Since reading Zlata’s Diary in grade school, the idea of visiting Sarajevo had been tucked in the back corner of my mind. In October, we finally made our way there, bussing from Novi Sad, Serbia. Bosnia’s landscape stunned us right from the border. Crossing the Drina River put us squarely into the Dinaric Alps and our route followed a winding highway through the mountains that passed by small farms with herds of sheep grazing next to the road.

Sarajevo sits at the base of Trebević Mountain, and is ringed by hills. From our bus, our first glimpses of the city were of dozens of white minarets rising from among the hillside houses. The city looked quiet and peaceful, nestled in its valley. Our hosts met us at the station and saved us a steep walk to our stay. The Airbnb was spacious, but our favorite part was the view over the bright LED screens populating the sides of the new malls and office towers.

Miljacka at sunset, and the city at night

From April 1992 until February 1996, the longest siege in modern history demolished Sarajevo and took the lives of more than 11,000 citizens and defenders, including more than 1,500 children. It was impossible to walk through the city and not see evidence of the bombs. Houses in our neighborhood were still in ruins, even 20 years later. Facades on older buildings often still bear missing pieces of concrete from shrapnel sprays.

Sidewalk dents filled with red resin mark sites where bombs rained down death. They are disturbingly common. In Veliki Park, a memorial to the hundreds of children killed in the siege lists too many names to count. The War Childhood Museum attempts to tackle the individual stories using a single object from a child’s life along with a (often) heartbreaking memory. We tried and failed to imagine how difficult life must have been during those years.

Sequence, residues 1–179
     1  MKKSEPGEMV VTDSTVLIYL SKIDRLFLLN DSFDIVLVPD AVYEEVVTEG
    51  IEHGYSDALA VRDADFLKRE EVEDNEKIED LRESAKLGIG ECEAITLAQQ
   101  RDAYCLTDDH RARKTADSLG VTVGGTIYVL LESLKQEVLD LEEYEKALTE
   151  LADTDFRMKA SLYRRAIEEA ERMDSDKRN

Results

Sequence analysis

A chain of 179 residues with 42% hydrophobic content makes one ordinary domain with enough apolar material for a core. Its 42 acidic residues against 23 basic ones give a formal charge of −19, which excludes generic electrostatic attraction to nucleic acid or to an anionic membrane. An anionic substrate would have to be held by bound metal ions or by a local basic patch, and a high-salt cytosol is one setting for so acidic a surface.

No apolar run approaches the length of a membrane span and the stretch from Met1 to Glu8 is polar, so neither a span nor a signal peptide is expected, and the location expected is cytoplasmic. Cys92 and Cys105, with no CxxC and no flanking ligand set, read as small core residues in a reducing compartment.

Reminders of the Bosnian War

The Old Jewish Cemetery near our apartment had been used as a Serbian artillery position during the siege. Many gravestones still bear bullet and shrapnel scars; the landmines were thankfully removed after the war. Even the History Museum’s facade has shrapnel wounds and it only features war-related items.

The Old Jewish Cemetery and the Historical Museum of BiH

Above the city, relics from the 1984 Winter Olympics lay abandoned and damaged in the woods. The most famous of these is the bobsled and luge track. Though local groups are attempting to revive the track as a sporting venue, it is still mostly utilized as a massive graffiti wall.

The abandoned bobsled track from the 1984 Olympics

A far cry from its Olympic glory, the concrete track is now overgrown by trees and mosses. The bright paint provides a stark contrast to the rest of the structure.

Some especially appropriate graffiti 

We walked the entire length of the track. The buildings at the finish line have trees growing up between what were shower stalls. Nearby homes were similar concrete shells, missing roof and windows alike. To return to the city, we hiked downhill on a narrow rocky track that ended in the back of a steep-streeted neighborhood.



We heard rumors of Sarajevo’s tasty cuisine in Novi Sad, and the compliments were completely deserved. The crowning meal is cevapi, skinless sausages stuffed into a pita bun and topped with onion. Locals eschew adding sauces to this mix, though I preferred them with pavlaka (a heavy cream). Peanut crips that were a favorite in Croatia last year were outshone by Snacky Flips, a Bosnian brand that looked like onion rings and tasted light and crunchy.

Local wine and beer, peanut crisps, the famous cevapi

Like its neighboring counties, Bosnia produces quite a bit of local wine. Our two most-purchased varieties were plavac mali and vranac. Bargain brands often have liter bottles for the same price as .75 liters (if you don’t mind thinner glass), and turned out to be the best choice. As in other Balkan countries, good craft beer takes a little work to find, but The Brew Pub had some tasty beers. Our favorite was Furka, their Amber Ale.

Sarajevo has come a long way from the end of the war, as the photographs in the museums attest, but memories from the conflict still permeate daily life. The Dayton Peace Accords ended the fighting but made the country difficult to govern. Local politicians are divided along ethnic lines and often refuse to cooperate, making further recovery an impossible task. Everyone we met carries hopes for a better and less bitter future, and we harbor the same wish.